const toggleMenu = () => {
    if (menuActive === false) {
        gsap.to(tLine, .3, {rotation: 45, scaleX: 1.25, y: 19.5, borderColor: '#ff3333', delay: .2})
        gsap.to(mLine, .3, {opacity: 0, y: 50, scaleX: 0.1, borderColor: '#ff3333', delay: .2})
        gsap.to(bLine, .3, {rotation: -45, scaleX: 1.25, y: -19.5, borderColor: '#ff3333', delay: .2})
        setmMenuActive(!menuActive)
    }
    else {
        gsap.to(tLine, .3, {rotation: 0, scaleX: 1, y: 0, borderColor: '#363636', delay: .2})
        gsap.to(mLine, .3, {opacity: 1, y: 0, scaleX: 1, borderColor: '#363636', delay: .2})
        gsap.to(bLine, .3, {rotation: 0, scaleX: 1, y: 0, borderColor: '#363636', delay: .2})
        setmMenuActive(!menuActive)
    }
}

If you know anything about how toggles work, this should be pretty simple. However you might notice things are a little backwards here. When our menuActive is set to false, it’s actually playing the animation to open the navigation. But why? Well it’s because that will allow us to trigger our animation, before setting the state for our menu to be active. I’ve dropped a codepen here (finally) that will allow you to see what all of that will do together. Pretty cool right? I made menu active colour to red for the moment, just so you could see it. We’ll be changing that to white once we have the navigation content triggers set up too.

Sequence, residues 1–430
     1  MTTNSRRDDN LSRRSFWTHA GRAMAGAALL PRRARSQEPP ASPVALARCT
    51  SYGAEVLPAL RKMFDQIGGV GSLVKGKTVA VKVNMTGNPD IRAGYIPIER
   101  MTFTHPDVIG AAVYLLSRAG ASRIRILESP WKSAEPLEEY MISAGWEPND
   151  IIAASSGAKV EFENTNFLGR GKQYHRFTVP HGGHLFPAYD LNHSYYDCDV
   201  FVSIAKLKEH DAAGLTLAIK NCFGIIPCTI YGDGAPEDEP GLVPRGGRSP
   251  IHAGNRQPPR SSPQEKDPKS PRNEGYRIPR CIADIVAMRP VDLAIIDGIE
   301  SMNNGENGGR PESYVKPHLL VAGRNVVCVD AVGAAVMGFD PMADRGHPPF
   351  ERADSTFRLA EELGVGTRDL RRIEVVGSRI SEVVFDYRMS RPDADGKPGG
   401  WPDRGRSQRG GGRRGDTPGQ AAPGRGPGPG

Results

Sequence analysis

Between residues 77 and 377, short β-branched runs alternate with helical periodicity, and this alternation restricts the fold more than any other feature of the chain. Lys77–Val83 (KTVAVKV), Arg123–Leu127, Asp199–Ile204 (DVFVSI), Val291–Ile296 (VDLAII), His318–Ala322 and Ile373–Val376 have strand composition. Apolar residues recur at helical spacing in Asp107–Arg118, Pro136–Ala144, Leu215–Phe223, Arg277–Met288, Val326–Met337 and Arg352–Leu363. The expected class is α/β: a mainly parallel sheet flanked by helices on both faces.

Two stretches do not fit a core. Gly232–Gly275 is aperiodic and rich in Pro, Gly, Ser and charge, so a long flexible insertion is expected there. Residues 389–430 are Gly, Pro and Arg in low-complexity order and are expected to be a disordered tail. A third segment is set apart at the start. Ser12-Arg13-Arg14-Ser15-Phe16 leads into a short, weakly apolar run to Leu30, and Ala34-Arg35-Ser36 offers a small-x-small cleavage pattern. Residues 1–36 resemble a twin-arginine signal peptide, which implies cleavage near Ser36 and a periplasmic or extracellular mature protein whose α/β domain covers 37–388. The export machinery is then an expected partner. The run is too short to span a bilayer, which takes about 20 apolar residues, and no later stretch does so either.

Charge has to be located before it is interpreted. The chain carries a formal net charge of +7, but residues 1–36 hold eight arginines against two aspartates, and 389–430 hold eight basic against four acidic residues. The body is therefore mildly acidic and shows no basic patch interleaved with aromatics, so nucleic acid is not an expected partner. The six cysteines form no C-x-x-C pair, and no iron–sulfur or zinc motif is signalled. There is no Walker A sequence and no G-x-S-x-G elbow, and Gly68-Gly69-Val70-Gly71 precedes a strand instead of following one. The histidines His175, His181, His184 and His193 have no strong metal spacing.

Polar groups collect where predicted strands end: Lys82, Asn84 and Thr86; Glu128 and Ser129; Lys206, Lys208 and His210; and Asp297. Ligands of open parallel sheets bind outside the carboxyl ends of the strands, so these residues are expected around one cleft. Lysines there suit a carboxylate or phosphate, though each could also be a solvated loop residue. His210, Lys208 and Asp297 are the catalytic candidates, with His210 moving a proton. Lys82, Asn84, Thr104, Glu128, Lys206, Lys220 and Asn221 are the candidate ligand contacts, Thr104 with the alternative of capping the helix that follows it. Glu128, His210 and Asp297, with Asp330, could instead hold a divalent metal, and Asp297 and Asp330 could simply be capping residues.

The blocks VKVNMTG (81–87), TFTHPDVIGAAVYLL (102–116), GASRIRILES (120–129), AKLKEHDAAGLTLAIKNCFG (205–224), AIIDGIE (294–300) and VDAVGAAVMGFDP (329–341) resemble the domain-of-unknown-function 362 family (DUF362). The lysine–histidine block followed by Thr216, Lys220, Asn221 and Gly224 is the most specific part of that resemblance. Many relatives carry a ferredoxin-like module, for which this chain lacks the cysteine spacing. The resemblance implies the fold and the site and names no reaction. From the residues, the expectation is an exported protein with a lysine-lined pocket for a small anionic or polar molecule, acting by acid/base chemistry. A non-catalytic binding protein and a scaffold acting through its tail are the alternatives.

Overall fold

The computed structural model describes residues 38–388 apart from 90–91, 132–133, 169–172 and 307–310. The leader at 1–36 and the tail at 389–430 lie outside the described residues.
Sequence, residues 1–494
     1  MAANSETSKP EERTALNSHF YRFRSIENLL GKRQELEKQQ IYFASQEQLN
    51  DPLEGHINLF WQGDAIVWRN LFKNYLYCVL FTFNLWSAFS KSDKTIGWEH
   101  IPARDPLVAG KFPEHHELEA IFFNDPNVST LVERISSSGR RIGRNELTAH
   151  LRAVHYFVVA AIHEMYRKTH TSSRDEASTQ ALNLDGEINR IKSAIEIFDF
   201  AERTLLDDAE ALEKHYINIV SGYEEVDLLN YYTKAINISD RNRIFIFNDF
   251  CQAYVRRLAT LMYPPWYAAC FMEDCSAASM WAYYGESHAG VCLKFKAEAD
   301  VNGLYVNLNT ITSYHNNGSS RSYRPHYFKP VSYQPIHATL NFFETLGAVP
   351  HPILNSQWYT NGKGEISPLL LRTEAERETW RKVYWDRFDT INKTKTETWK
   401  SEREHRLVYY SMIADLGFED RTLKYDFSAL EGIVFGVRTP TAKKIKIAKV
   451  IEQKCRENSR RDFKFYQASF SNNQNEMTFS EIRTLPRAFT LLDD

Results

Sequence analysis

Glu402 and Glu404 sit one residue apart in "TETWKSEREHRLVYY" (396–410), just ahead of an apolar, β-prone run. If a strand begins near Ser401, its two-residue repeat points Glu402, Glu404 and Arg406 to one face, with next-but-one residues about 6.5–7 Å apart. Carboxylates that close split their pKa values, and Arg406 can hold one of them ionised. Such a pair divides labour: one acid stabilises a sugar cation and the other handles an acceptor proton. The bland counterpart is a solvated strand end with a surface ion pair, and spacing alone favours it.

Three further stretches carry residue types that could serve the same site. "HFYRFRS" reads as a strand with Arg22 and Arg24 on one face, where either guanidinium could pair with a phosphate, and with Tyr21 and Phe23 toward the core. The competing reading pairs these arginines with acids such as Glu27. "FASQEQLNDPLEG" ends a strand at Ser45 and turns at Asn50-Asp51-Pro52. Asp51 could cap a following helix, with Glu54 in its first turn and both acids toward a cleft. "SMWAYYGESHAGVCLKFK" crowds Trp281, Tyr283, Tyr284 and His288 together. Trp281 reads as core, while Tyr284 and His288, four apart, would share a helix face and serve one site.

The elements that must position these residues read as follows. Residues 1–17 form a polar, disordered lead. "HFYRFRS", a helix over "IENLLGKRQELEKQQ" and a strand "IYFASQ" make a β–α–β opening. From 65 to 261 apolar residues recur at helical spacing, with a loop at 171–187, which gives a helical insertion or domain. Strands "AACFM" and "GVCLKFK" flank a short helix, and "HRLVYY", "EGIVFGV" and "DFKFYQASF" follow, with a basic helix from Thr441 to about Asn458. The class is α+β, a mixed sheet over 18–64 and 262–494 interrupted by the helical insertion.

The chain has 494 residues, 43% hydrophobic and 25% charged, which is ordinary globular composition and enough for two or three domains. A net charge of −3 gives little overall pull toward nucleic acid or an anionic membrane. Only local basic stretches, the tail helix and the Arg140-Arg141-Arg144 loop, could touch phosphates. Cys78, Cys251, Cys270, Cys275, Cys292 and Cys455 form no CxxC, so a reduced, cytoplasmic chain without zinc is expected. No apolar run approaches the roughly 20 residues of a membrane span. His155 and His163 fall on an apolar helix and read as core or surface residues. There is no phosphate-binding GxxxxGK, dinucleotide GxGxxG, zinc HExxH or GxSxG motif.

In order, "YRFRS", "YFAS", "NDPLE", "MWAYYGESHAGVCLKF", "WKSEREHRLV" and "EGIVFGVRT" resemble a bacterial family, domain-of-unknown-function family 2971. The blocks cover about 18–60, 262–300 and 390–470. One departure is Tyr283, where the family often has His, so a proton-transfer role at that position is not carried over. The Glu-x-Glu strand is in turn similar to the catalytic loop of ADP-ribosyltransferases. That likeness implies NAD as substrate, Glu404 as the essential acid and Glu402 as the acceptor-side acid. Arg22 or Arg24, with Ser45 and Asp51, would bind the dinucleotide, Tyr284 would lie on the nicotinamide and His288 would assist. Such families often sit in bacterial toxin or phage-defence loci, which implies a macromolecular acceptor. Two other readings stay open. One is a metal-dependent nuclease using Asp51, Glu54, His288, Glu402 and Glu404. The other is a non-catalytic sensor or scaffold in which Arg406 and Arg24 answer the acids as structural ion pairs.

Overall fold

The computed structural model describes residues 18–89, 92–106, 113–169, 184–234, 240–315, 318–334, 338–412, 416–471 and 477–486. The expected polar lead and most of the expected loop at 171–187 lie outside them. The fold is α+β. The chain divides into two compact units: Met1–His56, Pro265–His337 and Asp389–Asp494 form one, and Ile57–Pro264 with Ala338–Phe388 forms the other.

Part 2: The navigation menu

Okay, now that we’ve sorted a button and it’s animation out, let’s get into actually displaying some menu content! With that said, we have to start with our actual content - our jsx. So let’s put some content into our work here.

return (
    <>
        <div className="burger-icon" onClick={toggleMenu}>
            {/*...*/}
        </div>